"If I had no job then our savings wouldn't last long. If neither my wife or I had a job then we'd be screwed." Simon Goldsborough, a 39-year-old company director working in London, has a decent income, a nice lifestyle, and very little hope of lasting more than a month or so if things went wrong - and he's far from alone.
In an ideal world we'd all have some savings to fall back on. If we were ill and unable to work - or we lost our jobs - we would have enough put aside to cover a few months' worth of outgoings until we were back on our feet. However, 16 million of us couldn't even cover one month's worth of outgoings.
Cost of living
It's easy to see why, because life is just so expensive. Simon has two children - the oldest is four and the youngest eight-months-old. He explains: "The extremely high cost of childcare has put a financial burden on us, as whilst my eldest has just started school, we have chosen to hire a full time nanny to take care of my youngest as my wife and I both work."
"The daily necessities of being a family, baby food and nappies, accumulate, and are a substantial addition to our outgoings."
The family also has a large mortgage. He explains: "Being an expanding family, we have made the decision to upsize in recent years. This means we have had to move further out of central London to accommodate the size of property we want. However, moving further outside of London has increased both our daily travel costs. My wife now drives to work while I commute into central London."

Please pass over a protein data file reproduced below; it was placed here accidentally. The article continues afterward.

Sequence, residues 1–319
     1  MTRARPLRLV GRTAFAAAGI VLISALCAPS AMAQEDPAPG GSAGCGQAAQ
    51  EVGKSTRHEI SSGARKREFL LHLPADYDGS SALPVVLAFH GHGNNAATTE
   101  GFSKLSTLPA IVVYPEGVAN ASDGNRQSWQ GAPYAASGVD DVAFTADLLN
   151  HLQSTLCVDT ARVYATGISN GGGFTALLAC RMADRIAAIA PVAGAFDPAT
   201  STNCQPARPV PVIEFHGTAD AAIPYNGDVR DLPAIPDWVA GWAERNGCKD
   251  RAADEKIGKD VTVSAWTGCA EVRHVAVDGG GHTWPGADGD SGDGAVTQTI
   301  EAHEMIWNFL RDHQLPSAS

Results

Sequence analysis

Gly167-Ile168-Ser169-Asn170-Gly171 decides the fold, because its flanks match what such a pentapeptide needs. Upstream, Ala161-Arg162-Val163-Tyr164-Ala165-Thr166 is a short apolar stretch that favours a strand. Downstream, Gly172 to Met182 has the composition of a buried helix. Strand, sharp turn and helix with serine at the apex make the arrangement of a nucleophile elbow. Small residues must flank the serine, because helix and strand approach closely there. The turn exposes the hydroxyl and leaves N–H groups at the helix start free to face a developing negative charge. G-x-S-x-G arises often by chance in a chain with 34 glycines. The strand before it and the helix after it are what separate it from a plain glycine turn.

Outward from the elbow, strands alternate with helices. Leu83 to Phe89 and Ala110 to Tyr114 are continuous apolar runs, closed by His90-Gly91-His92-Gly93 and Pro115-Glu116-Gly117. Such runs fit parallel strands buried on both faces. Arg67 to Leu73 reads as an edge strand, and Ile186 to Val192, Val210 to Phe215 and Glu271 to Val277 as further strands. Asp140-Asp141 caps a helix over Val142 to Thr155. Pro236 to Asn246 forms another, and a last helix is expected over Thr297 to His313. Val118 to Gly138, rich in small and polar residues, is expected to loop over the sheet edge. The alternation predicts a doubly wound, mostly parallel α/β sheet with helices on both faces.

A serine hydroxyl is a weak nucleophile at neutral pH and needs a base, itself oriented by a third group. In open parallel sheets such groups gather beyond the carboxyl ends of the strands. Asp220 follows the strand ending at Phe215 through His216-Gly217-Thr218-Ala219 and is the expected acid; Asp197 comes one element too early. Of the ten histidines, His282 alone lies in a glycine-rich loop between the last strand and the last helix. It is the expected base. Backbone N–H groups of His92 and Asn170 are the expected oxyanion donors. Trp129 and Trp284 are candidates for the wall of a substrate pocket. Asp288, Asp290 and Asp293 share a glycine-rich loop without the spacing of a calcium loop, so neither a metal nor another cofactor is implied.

He's not complaining. He explains: "I appreciate these are very much 'first world problems' and ultimately there are a lot more important things in life. I have a good job, great family and own my home (with the bank's help of course), so life really isn't too bad."
However, this level of outgoings causes two potential problems. The first is that while life is so expensive, there's little cash left to put aside to fall back on if anything goes wrong.
The second is that if either or both parents lost their income, there would be a major income shortfall to cover each month.
Simon is far from alone. Research from Barclays shows that 40% of UK savers couldn't cover one month's worth of essential outgoings with their available savings. Worringly, when asked if they could cover one moth's costs, 96% of people said they'd have enough money. It was only when they did the maths that 40% discovered that they didn't.
Clare Francis, Savings and Consumer Expert at Barclays said: "It is really worth individuals being fully aware of their spending habits and outgoings so they can accurately work out how long their savings would last for."
On the plus side, 40 million people have savings of some sort, and two thirds of people said they wouldn't feel comfortable without the safety net. It seems, therefore, we have the beginnings of a savings culture. The challenge now is to get people to keep building their savings, so they have enough to cover these emergencies.